Master of None – Giving Jacks Their Own Identity

Published December 6, 2013 by in For Players, Mechanics


Jacks can be kind of a mixed bag. Glaives and Nanos both have their own strong identity, with a focus on combat and esoteries respectively. Jacks have very few abilities of their own, mostly gaining ones that Glaive and Nanos of the same tier already had from previous tiers.

Jacks are intrepid explorers and adventurers. They are jacks of all trades—hence the name—although the word also hearkens back to fables involving a wily, resourceful hero who always seems to be named Jack. Used as a verb, “to jack” means to steal, to deceive, or to get out of a tight scrape through ingenuity or luck.
Numenera Core Rulebook, Jack, page. 40

While the Jack gets a lot of versatility in being able to pick from both sets of abilities, Jacks don’t really get to be the “jack of all trades” they are presented as and can feel like a weaker version of a Nano or Glaive, not really having anything that makes them stand out on their own. Often portrayed as adventurers and treasure hunters, this post explores Jacks as having their own identity as hackers and tinkerers, that kludge and improvise on the fly with cyphers to help them get what they want. While they lack the academic understanding and nano-spirit mastery of the Nano and they don’t have the sheer combat prowess of the Glaive, Jacks excel at using what they have available to them in tight situations.

And if there is anything that can be relied on in Numenera, it’s that cyphers are everywhere.

Over at Ninth World Hub, Nicholas Guttenberg, Andreas Walters, Pål Øynulvson and myself discussed an additional set of abilities for Jacks to be able to choose from when advancing or generating their characters, below are some abilities we came up with. Alternatively, you might like to consider this as a low-powered focus based around cypher use.

Tier 1:
I Know What I’m Doing
Sometimes you don’t have time to study a cypher to figure out what it does, you’ve just got to go with the flow, live in the moment, you know? While ordinarily using a cypher without identifying it is an intellect task of the cyphers level, you know what you’re doing and use the cypher without penalty, though you still have no idea what it will do. Enabler.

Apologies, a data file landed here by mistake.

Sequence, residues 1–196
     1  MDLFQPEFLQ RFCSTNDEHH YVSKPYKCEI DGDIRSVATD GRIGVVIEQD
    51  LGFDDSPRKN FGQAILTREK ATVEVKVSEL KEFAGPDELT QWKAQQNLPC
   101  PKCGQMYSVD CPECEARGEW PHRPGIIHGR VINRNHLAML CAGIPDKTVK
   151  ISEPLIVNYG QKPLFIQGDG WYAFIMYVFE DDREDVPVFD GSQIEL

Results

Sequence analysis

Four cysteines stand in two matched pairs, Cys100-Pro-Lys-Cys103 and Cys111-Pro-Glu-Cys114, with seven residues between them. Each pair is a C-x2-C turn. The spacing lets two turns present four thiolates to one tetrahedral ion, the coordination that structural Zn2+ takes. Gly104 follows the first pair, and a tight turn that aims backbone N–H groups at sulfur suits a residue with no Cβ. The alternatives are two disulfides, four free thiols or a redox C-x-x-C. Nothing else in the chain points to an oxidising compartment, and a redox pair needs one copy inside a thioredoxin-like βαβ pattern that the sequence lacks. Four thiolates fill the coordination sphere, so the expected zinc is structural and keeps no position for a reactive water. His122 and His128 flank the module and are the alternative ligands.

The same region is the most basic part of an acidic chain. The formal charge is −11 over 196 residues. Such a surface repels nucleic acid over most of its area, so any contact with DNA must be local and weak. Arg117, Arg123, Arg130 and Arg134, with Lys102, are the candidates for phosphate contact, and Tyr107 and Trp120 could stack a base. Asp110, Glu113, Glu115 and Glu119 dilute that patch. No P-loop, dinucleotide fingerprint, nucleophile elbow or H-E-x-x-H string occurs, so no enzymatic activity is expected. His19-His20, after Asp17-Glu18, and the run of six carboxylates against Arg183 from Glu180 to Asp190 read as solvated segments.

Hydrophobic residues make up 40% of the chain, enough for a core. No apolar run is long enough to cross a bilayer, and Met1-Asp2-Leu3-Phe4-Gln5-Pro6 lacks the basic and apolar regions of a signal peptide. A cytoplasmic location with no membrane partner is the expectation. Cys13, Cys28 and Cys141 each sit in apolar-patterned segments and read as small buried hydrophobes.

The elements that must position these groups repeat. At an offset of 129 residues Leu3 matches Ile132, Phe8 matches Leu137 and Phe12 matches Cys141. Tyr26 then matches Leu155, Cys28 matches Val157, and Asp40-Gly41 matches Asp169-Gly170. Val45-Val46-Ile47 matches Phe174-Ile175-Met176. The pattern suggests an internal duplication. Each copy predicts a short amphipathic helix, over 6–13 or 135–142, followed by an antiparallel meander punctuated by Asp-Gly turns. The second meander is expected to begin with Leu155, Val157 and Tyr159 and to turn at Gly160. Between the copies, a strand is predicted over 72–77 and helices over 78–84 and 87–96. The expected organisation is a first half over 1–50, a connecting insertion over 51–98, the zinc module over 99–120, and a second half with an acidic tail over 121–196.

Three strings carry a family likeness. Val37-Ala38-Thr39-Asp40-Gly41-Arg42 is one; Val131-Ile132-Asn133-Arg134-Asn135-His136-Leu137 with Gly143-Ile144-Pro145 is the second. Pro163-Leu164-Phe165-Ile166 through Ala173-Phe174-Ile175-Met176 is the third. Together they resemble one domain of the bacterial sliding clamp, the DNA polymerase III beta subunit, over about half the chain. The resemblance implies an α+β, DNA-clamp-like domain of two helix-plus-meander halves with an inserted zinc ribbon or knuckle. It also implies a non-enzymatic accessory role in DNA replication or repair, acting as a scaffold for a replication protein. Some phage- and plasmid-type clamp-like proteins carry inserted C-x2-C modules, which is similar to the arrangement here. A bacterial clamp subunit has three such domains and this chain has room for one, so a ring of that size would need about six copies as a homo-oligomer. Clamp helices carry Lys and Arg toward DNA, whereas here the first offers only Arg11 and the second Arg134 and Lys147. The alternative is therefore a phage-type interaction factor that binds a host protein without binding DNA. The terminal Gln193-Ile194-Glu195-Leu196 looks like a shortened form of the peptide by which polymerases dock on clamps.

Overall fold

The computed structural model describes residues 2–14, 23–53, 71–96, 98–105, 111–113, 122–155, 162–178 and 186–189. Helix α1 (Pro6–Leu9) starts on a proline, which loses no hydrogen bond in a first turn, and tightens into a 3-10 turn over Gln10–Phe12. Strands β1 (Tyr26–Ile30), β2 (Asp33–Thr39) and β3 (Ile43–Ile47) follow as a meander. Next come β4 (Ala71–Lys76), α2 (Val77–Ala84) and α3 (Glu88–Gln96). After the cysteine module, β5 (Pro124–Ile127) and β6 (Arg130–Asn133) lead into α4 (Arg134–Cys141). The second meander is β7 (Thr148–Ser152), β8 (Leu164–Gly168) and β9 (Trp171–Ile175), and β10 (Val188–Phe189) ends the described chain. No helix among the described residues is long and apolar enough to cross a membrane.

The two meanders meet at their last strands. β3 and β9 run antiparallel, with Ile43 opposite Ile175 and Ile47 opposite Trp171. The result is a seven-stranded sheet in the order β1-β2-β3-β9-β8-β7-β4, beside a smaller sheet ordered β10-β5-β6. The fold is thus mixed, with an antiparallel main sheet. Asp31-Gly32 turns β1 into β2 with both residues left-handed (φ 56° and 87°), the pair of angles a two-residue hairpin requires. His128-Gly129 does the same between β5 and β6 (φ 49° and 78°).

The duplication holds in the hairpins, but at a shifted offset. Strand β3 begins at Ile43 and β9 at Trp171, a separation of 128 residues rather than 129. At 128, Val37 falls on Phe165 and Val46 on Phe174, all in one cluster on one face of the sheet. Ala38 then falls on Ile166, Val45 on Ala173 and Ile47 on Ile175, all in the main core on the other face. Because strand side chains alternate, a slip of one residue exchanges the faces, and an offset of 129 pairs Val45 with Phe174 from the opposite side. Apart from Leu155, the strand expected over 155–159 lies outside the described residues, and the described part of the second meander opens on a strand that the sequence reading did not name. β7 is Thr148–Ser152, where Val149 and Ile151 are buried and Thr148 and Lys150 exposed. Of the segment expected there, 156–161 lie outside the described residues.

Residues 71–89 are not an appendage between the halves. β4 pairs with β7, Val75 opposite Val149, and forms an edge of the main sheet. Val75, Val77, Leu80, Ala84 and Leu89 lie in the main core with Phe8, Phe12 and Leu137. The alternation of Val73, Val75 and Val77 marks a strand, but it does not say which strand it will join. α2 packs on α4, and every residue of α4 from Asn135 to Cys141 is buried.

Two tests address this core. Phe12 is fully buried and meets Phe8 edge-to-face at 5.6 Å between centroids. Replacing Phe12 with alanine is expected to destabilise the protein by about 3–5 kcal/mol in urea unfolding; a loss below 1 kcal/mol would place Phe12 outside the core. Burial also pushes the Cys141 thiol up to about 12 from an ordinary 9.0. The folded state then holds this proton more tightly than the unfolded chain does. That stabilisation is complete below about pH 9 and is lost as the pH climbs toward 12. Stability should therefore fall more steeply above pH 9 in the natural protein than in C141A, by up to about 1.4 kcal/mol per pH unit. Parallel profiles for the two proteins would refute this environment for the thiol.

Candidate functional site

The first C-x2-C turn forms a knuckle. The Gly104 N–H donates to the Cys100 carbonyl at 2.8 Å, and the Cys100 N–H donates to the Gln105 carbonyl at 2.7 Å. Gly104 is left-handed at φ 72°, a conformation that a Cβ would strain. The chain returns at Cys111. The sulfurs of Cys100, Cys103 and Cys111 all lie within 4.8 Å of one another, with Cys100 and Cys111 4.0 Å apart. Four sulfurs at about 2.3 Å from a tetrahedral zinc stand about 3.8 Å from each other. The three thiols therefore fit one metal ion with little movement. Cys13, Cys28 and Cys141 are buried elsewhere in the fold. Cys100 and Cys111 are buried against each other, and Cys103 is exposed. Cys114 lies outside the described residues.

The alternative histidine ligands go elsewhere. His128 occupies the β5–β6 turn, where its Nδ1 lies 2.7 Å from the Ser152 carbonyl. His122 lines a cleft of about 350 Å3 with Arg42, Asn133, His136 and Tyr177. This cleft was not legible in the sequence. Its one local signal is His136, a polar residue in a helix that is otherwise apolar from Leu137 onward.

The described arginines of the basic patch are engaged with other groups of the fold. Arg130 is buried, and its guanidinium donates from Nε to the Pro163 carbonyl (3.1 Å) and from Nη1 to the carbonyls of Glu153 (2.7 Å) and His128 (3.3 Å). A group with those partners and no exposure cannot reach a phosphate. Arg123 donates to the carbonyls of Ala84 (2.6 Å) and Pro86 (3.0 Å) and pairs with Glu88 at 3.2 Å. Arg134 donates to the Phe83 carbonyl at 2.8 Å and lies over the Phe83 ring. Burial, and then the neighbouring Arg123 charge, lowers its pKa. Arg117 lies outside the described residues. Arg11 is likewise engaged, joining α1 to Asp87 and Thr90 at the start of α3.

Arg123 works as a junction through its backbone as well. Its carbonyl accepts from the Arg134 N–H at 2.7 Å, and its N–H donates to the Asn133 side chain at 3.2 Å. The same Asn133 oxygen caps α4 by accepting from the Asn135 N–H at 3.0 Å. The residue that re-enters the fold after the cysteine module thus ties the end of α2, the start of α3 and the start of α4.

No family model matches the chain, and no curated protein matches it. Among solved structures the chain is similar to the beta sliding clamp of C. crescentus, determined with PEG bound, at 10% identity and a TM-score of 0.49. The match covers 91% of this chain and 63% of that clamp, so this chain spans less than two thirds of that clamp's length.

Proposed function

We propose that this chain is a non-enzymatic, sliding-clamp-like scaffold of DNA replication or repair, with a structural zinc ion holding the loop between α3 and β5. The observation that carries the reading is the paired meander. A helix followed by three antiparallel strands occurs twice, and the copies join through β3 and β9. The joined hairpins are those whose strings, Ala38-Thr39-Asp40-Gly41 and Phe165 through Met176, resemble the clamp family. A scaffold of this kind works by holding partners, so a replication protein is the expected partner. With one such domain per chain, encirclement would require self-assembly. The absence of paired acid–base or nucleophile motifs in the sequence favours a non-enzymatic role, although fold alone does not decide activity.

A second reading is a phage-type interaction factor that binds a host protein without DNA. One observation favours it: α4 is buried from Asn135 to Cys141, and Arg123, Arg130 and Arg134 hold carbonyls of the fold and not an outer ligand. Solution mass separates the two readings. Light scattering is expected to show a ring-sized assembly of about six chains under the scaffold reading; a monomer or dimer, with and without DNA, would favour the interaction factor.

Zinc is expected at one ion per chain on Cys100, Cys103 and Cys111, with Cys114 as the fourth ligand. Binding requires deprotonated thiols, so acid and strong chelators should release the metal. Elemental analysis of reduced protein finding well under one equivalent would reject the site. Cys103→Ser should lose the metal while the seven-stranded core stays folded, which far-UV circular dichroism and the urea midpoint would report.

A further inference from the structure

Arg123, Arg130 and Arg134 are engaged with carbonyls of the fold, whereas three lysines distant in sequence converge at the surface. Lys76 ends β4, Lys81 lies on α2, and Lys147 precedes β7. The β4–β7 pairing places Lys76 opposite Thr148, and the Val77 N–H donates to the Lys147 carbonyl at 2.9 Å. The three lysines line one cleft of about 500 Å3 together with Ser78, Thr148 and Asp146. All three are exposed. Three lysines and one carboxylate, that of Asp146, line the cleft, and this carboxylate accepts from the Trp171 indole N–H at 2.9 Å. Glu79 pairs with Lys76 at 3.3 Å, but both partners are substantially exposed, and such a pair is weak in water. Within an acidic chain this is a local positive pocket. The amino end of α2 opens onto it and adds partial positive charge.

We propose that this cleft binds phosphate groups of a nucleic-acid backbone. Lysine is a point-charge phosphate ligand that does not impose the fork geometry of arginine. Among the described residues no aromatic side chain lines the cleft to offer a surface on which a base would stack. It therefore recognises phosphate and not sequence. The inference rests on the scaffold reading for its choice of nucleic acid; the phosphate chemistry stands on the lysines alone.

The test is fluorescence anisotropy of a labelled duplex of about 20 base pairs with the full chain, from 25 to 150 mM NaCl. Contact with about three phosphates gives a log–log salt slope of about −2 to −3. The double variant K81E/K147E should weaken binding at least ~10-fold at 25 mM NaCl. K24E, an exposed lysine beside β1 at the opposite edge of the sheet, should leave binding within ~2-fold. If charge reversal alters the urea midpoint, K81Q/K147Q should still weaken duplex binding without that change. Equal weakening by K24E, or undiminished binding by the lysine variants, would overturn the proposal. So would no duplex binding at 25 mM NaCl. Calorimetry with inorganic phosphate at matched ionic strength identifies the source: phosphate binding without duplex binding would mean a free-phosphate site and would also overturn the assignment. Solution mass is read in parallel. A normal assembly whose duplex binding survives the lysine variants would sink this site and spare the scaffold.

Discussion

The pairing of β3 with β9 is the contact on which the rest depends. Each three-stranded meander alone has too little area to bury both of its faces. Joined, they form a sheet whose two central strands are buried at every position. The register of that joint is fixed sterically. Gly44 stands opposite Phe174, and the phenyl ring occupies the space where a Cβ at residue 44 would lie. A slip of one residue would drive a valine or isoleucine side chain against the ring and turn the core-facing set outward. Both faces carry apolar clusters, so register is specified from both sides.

Tier 2:
Cypher Tinker (2 Int)
You’ve got a knack for fiddling with cyphers to get them to do what you want. By spending 2 intellect you can tweak the behaviour of a cypher, inverting it’s effects or changing it’s variant when you use it. You might change a heat ray into a freeze ray, or make a chemical factory produce a nutrient supplement instead of antivenom. Action.
Tier 3:
I Can Handle a Little Radiation
You’ve delved into numenera relics, braved broken, ancient machinery and burned through more cyphers than you can count too many times to let a little thing like radiation and nanites get under your skin. You’re used to being around and handling cyphers, so much so that occultic cyphers count the same as anoetic cyphers for the purposes of counting how many cyphers you can bear before needing to roll on the cypher danger table. Enabler.
Tier 4:
Gerry-rig (5 Int)
You have a knack for rigging up cyphers from junk. You scavenge and keep depleted cyphers with you and can sometimes kludge them together to get something working out of them, though most of the time you have no idea what this Frankenstein’s creation of yours will actually do. You can spend 5 from your intellect pool to gain a random cypher by salvaging 3 used cypher’s components. Action.
Tier 5:
Cypher Quick Draw (6 Speed)
You’ve always got a cypher in your hand or close to it and you’ve become so used to their varied and unusual methods of operation, you can practically activate them on instinct without having to fiddle with their controls or parts. By spending 6 speed, you can quickly draw 2 cyphers at once, using them both in a single round at the same time. Action.
Tier 6:
Malfunction (8+ Int)
Cyphers are tricky things, they’ve gotten you into as many scrapes as they’ve gotten you out of. It’s been more than a few times that a cypher has blown up in your face, or a bunch of them have joined together into some weird device and tried to attack you. In fact, you’ve gotten so used to how cyphers break, you’ve sort of figured out how to make it happen. By spending 8 from your intellect pool, you can deliberately force a cypher to go critical, requiring a roll of 100+d100 on the cypher danger chart. You can do this on cyphers directly or as an attack against an opponent you know has a cypher within short range. For each level of effort you spend on this ability, you can opt to add 10 to the roll instead of reducing the difficulty. Action.

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  • David’s Perspective

    Those are interesting options for a Jack. But they’d make a good focus as well. The Way. The descriptions remind me of the Tao De Ching and the tiers all involve knowing a way to manipulate cyphers.

  • Darcy Ross

    I love this! Great writing on the descriptions too. Reminds me of an Ed from Cowboy Bebop – sort of spastic and tech-intuitive.

  • Aldarc

    I like the intention to give jacks more identity, so this is a step in
    the right direction. The article could use a little better proof-reading
    and editing.